pic courtesy of Ming - this was before the pain started. 
As soon as he said GO, I mashed the pedals.  Normally I will focus on something but I had nothing to focus on other than the black table in front of me.  I looked at that for a bit and then just closed my eyes.  Ming started encouraging me.  I concentrated on pushing those pedals as hard as I could.  The lactic acid started to build up fairly quickly.  My breathing became ragged and soon I was gasping air.  I was also hunched over with my head down.  That seemed like the most comfortable way to be when I was exerting myself to the extent that I was.  The encouragement kept coming and all I could think was "when will this be over?"  I couldn't even ask the question -nothing else was able to come out of my mouth except gulps for air.  But, I kept mashing, even though ever fiber in my body wanted me to stop.  I focused on not letting up or backing off but trying to push through the hurt.  I can do this on the run but I haven't quite experienced what it's like to do on the bike.  Until now.  It felt like forever but Ming finally started to count down.  I could taste blood that's how hard I was working.  As soon as he said stop, I sat up and let up on the pedals.  I knew I had to let my legs spin out for a bit after that kind of effort.  I did that for a bit but was thirsty so I got off the bike to get some water.  Oh my God, my legs were like jello.  I asked him how long that was and he said 3 minutes.  My response?  "That was the longest 3 minutes of my life".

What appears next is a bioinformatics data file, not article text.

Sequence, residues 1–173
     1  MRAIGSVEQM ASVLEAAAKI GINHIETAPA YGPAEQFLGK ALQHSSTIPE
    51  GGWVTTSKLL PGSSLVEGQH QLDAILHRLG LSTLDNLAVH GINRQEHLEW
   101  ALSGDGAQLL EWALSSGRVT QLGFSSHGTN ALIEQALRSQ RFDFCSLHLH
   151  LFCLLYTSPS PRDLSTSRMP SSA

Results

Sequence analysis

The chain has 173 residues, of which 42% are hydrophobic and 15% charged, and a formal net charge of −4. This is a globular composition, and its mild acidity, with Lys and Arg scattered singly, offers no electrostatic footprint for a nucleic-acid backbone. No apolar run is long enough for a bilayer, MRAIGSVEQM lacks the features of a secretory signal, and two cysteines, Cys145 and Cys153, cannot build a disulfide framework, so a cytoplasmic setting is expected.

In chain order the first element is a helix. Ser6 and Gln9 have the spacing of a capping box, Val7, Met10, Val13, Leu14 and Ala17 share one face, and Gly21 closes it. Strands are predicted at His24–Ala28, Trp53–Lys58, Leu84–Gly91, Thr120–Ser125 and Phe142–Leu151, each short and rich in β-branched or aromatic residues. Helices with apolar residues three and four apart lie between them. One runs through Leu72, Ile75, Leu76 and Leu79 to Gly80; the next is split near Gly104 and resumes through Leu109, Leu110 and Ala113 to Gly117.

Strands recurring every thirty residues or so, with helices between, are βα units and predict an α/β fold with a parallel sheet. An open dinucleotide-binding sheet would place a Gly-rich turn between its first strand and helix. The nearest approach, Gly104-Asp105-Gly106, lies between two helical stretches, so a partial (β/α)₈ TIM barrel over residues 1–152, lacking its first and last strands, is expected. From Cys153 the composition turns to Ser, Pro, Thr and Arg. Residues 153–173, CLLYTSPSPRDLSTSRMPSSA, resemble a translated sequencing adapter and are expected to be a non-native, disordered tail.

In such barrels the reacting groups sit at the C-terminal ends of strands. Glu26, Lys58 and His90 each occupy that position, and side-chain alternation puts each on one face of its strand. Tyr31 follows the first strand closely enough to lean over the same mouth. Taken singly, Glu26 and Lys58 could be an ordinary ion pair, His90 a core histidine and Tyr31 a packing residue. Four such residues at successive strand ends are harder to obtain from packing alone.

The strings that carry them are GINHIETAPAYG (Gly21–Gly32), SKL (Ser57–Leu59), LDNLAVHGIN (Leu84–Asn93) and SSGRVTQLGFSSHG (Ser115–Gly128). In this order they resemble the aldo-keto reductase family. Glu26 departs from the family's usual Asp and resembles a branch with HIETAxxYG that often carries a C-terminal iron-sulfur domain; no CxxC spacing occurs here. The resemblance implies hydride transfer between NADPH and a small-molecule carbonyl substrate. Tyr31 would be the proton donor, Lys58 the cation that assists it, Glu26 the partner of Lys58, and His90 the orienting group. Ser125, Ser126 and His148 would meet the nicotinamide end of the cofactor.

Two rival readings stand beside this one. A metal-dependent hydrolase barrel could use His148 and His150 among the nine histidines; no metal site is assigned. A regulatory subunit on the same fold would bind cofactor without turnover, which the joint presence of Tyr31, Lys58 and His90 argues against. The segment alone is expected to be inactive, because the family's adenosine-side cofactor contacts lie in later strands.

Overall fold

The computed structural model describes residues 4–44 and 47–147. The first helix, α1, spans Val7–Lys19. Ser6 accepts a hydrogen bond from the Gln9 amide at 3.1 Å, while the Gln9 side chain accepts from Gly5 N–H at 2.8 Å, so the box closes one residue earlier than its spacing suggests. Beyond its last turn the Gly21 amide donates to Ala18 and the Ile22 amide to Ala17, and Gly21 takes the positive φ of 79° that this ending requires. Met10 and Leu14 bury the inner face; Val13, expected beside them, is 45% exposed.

Yesterday Ming gave me the data from my test as well as "a picture of what my legs drew on the screen".  This what he said:

CP (critical power) = 216.5w (in December it was 186)
anaerobic work capacity (AWC or W') = 8759.76J

- The CP value is 30w higher than when we tested you in Dec, so that's a really good sign when we haven't focused on cycling yet and the supplementary bike workouts are helping
- so with your new and improved CP,  that means the training zones are different now.
- the "toughness" score (ie. the variance on the points along the line) is very good, that means you "know" how to push yourself!

 This is all Greek to me so I asked him what these numbers mean.  Apparently I have good Critical Power but I have to work on developing my anaerobic capacity, which, according to Ming makes sense because I have only really been training my aerobic system vs. my anaerobic system.  The really good news I took from all of this was that my CP (or FTP) went up by 30 watts with consistent easy training.  I can only imagine where it will go once I really start pushing myself. 

So when I opened my training log yesterday, I noticed a whole new set of values.

The next 3 weeks will be all about training my anaerobic system so I'm going to have to get comfortable with being uncomfortable.  I'll be hanging out in the higher end of this range a few times a week.  In fact, tonight will be my first hard workout.  It will also be a brick.  Nothing like having your first run after a marathon come AFTER a hard bike ride, ha ha.

#Mingsanity indeed.


Wendy at Taking the Long Way Home said...

Sounds like how I feel when my crossfit trainer puts me on the rower. 500m as fast as possible. I get heart palpitations sometimes--feel lightheaded. I know my heart rate is high when i do this. And I know its good for me to push through that anaerobic state. But it doesn't feel good, for sure!

Pain cave indeed!


Ashley said...

This is fascinating information! I would love to have that kind of info about my running. And congrats on the improvement!